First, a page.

2013. At Tabou, all the models underestimated the maxima of precipitation like for the first peak with a bias of above 50%. Unlike the simulation of the period 1990-2005 presented in the earlier section, none of the models performed well in the estimation of this event. However for Abidjan, there is no clear tendency for all; some models underestimated while others overestimate. The best estimation is given by RCA (−0.02% of bias) followed by RegCM3 (9% of bias). The computed ensemble displayed a good estimation of this event with 3% of bias unlike in the first maximum. At Bondoukou the best estimation is given by the ensemble, when among the models, HadRM (7%) presented the best estimation of the second peak followed by RACMO (9.5%). METNO-HIRHAM (3% of bias) gave the closest estimation of the second peak preceded by the computed ensemble (0.04% of bias) and followed by the RACMO (8%). At Daloa in the center of the country, HadRM performed best with 2% of bias. In this part ensemble is able to represent the second peak but the bias is little bit high (28%). In first peak of rainfall season, all the models failed in the estimation of the rainfall amount, while RegCM (−8.70), and RCA (−0.02%) performed well in the second peak. Ensemble showed satisfactory result except at Tabou which high bias of about −70.15%. This may indicate that in Tabou, there are some local physical processes that models failed to take into account. In summary, the ensemble mean of all the models outperformed the skill of individual models and gives better estimation of the precipitation amount. It is then considered more suitable for the projection study.

4. Projection of the West African Climate

4.1. Analysis of Rainy Seasons over West Africa for the Period 1990-2005 and 2020-2040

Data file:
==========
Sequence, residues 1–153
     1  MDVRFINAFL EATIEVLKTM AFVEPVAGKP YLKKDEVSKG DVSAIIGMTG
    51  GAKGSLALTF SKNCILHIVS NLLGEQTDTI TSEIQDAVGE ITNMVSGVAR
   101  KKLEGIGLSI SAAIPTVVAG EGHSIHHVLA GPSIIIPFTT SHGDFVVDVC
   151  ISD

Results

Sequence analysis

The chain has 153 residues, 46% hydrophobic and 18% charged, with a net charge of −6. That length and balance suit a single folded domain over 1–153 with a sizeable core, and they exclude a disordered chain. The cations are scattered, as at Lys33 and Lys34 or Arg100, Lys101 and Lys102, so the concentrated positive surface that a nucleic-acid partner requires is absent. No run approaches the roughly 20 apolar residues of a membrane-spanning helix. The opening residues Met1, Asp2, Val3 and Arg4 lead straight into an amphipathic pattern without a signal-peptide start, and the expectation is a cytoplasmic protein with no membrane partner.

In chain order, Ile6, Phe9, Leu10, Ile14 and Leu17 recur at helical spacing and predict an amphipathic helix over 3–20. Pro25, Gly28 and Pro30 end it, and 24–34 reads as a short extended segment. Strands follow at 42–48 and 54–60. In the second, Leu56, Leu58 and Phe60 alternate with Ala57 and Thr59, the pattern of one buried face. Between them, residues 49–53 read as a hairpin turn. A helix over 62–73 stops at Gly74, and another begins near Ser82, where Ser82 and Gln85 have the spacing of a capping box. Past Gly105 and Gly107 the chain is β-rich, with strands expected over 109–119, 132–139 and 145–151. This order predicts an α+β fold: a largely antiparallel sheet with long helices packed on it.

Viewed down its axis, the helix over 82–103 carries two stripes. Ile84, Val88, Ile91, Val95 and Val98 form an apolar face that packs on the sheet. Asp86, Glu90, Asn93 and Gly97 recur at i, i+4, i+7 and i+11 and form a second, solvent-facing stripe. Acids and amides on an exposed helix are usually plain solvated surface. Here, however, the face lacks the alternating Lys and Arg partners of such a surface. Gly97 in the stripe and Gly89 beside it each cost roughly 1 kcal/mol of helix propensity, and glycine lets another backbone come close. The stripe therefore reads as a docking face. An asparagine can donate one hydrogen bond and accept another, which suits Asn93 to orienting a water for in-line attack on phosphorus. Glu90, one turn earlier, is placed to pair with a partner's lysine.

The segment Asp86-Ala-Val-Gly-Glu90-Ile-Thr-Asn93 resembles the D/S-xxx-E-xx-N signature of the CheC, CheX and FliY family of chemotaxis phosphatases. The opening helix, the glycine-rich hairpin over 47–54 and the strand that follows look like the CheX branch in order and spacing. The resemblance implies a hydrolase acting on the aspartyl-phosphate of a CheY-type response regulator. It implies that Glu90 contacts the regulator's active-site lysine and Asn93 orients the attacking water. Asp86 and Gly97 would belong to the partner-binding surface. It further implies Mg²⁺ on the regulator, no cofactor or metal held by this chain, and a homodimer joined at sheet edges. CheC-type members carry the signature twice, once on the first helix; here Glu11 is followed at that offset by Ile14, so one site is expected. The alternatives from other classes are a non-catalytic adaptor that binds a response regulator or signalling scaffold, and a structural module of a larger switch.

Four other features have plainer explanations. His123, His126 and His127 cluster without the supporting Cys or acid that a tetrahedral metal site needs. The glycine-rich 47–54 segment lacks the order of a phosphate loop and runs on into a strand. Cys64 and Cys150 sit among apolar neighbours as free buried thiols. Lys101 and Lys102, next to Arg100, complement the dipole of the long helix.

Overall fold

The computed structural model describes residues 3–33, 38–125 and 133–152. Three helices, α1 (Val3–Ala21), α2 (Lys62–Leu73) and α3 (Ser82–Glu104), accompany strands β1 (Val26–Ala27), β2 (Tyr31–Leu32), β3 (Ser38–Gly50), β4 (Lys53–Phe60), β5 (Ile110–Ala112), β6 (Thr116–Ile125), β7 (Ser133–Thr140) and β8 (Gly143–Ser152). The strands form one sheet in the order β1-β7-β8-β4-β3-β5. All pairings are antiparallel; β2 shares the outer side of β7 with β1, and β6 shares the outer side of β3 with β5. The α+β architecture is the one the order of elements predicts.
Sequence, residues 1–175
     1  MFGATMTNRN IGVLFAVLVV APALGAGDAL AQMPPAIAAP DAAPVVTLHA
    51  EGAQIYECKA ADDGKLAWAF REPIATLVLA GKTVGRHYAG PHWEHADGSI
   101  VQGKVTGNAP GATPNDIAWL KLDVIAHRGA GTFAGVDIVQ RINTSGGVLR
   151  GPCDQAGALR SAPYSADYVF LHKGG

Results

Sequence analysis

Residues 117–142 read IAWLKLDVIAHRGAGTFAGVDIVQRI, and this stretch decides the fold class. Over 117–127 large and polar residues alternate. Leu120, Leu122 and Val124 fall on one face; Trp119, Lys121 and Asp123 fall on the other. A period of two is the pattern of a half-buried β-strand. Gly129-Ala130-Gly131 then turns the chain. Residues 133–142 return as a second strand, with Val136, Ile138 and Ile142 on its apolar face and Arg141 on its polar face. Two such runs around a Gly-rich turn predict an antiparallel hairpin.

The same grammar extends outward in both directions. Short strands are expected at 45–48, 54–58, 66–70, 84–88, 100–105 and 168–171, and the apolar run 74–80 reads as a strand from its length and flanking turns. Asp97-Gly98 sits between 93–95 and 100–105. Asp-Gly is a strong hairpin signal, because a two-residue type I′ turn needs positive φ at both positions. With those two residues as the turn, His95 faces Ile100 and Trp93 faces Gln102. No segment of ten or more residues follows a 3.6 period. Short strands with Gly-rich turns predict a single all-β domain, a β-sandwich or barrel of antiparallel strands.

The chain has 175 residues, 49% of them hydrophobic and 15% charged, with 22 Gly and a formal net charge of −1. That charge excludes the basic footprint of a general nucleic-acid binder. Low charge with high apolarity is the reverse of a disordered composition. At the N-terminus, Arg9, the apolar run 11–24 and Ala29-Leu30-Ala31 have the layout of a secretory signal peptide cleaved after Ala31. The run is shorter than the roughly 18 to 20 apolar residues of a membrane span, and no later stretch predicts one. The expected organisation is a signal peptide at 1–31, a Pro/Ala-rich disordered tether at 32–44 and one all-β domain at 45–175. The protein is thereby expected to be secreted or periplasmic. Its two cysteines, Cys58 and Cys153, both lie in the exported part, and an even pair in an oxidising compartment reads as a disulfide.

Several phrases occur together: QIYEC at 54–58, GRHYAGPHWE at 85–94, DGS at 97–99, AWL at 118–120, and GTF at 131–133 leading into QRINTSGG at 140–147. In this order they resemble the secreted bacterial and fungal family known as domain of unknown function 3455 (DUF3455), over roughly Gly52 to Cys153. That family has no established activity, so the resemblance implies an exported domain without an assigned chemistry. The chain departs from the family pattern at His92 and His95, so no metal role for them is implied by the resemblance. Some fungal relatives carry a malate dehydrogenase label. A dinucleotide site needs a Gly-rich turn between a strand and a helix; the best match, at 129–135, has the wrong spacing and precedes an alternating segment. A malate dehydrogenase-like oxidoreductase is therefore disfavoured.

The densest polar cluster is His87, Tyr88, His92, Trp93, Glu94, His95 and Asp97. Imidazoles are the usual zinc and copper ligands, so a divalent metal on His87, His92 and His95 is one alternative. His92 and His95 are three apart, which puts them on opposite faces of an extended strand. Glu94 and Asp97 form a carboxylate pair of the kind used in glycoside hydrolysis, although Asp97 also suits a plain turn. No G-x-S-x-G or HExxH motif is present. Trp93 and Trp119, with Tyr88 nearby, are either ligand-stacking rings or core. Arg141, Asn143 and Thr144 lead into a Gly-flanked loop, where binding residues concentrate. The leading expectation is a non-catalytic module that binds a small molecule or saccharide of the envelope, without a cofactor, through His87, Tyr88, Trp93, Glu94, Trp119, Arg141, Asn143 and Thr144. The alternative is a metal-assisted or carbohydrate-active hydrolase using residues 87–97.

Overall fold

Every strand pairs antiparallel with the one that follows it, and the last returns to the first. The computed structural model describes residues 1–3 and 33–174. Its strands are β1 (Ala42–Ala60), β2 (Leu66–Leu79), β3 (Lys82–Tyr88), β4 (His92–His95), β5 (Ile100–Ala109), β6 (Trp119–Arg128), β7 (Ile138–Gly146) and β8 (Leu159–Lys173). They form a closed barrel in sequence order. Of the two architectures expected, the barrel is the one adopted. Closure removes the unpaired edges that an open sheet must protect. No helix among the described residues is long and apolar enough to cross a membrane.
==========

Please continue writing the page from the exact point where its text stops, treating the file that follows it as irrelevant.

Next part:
This part of the work is the projection of the West African climate over 2020-2040. Because of the result in the previous sections, we used the ensemble mean of the models. In fact the previous sessions of this work emphasized the improvement of representation of rainfall pattern when using ensemble. In addition, [19] [20] [22] [23] independently showed that ensemble mean outperformed the skill of almost all the individual models. Attention is given to the seasons June-September (JJAS) which is the rainy season in the Sahel, May-July (MJJ) and September-November (SON). MJJ and SON is the first and second rainy season respectively in the Guinean coast area. Figure 12 shows the difference between mean rainfall of 1990-2005 and 2020-2040 for the seasons JJAS, MJJ and SON. There is for all the considered seasons, a decrease in the amount of rainfall over the north and an increase in the south in 2020-2040 compare to the reference period (1990-2005). During the season JJAS, the neutral (stationary) area (limit between area of decrease and increase) is located around 10˚N. The stationary zone is located around 5˚N during MJJ and SON. It’s seemed that this neutral area follows the mean position of the ITD. [9] [34] showed that the mean positions of the ITD are located around these latitudes respectively during these periods. The maximum of precipitation between May and beginning of June is over the Gulf of Guinea (0˚N - 6˚N). This rain belt shifts around 10˚N between mid-June and early July then move back to Gulf of Guinea in September. Furthermore the northern part (Sahelian zone) is well known to have less precipitation than the southern part. Thus this led to conclude that the area which has less precipitation will be drier and the zone which has more precipitation will be wetter. This suggests an increase climatic stresses for the local population who depend exclusively on monsoon rainfall for livelihood. There may also be an increase in the probability of drought and flood events in the north and the south respectively. This is in agreement with the work done of [33] that supposed a prevailing drying tendency in sub-Saharan Africa. However there are divergent results over the coastal region. Indeed this southern zone may have more precipitation contrary to [33] who report likely deficit of precipitation over this zone.